| a spider | a golf green
| a baseball | a sauna
| a dime | a dartboard

Take about 5 minutes to slowly look over this list. Really study it and try to memorize all the things on the list. Don’t cheat, no writing things down. Use only your mind and take no longer than the 5 minute time span. Now, without looking at the list can you write everything down that you just studied? Probably not. Even if you didn’t do so well, don’t worry. This is simply a test to see where you started from.

The Rule of 7

Most people don’t have a specific system for remembering things. As a result, our brains can only remember about 7 things, (plus or minus 2). Sometimes, that number is even less than 7, around 3 to 5. When trying to memorize the list above, you may have noticed that you struggled around the 7th item or so. If you were able to memorize more, it’s likely that you were using a system other than rote memorization.

Primacy and Recency

When dealing with large lists of information, the brain tends to commit the top of the list and the bottom of the list to memory the best. The middle, however, doesn’t have the same luck. This isn’t a bad thing, primacy and recency are just the way that our brains naturally work. Knowing this we can manipulate it to work better for us. For example, take the list above and break the items into lists of five items. If you were to try and memorize the four lists of five items, I bet you’d have better luck this time around.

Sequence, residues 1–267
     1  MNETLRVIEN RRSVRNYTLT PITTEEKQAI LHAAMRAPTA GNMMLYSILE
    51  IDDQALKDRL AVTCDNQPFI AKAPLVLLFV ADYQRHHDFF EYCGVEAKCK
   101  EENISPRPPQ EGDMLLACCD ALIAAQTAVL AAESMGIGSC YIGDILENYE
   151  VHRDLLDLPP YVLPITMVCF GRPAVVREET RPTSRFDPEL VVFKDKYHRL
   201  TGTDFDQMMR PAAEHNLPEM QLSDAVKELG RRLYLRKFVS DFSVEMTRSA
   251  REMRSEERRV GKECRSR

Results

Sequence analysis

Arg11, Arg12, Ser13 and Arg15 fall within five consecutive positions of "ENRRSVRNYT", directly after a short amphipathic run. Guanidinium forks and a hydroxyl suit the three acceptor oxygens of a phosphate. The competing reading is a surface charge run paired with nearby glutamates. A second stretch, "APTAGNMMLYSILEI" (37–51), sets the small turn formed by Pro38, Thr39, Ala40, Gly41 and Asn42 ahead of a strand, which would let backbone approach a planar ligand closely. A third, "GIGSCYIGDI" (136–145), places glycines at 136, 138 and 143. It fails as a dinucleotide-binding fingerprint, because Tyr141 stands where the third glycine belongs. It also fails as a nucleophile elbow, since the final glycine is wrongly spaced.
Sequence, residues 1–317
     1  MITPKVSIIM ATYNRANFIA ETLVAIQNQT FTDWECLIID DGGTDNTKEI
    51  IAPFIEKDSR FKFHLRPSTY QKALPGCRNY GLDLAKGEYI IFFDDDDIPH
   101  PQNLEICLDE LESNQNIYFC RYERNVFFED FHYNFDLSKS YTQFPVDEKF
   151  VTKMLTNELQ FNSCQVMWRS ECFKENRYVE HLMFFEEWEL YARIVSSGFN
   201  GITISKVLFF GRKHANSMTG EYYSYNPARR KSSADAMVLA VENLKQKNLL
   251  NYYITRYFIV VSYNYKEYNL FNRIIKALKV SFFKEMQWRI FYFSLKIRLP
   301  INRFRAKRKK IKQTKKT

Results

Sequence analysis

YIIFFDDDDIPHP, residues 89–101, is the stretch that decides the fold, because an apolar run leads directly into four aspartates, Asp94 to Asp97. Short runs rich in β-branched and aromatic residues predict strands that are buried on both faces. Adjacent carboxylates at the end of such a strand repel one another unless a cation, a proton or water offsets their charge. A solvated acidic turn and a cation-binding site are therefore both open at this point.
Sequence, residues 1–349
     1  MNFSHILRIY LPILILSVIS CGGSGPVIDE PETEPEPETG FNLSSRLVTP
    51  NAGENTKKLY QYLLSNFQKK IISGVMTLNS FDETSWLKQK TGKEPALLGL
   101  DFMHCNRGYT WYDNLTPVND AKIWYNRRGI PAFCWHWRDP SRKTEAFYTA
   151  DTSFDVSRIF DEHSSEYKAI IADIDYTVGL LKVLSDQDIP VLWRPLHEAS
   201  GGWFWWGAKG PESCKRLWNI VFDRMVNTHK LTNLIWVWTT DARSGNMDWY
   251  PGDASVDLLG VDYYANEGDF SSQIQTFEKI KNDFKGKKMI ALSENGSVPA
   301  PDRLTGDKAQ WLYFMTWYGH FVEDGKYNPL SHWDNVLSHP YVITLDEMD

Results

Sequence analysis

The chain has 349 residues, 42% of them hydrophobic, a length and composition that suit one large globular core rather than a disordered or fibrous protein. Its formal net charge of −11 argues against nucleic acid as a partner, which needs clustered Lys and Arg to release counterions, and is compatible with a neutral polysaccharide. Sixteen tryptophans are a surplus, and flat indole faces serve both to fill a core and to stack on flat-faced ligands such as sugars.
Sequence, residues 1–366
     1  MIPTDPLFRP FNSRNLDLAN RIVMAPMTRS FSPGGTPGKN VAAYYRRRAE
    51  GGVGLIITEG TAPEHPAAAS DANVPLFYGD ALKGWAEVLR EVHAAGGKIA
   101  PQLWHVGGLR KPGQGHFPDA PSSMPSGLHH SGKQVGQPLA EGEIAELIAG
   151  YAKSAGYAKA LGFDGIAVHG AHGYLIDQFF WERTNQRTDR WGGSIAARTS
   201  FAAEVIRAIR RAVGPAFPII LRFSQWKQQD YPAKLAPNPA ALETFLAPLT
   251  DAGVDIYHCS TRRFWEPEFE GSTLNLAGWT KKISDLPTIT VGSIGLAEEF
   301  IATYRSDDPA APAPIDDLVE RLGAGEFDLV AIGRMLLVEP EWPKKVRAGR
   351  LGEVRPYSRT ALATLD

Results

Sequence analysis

Now that you understand a little bit about how the mind stores information, it will be easier to do the exercises in the coming weeks.

How to Improve Memory Part 1
by Roger On May 10, 2017

Basically, everybody wishes they had the tools to improve memory. Think about it, we rely on our memory in various different ways every single day. Everything we know how to do is learned, even tiny tasks like eating a meal. As a species, we’d be nothing without our memory. How many times have you wished for a better memory? However, it’s not actually your memory that’s the problem but your ability to recall certain memories. Your brain records everything that happens to you, from books you’ve read to movies you’ve watched. The trouble is, sometimes it’s hard to tap into those memories.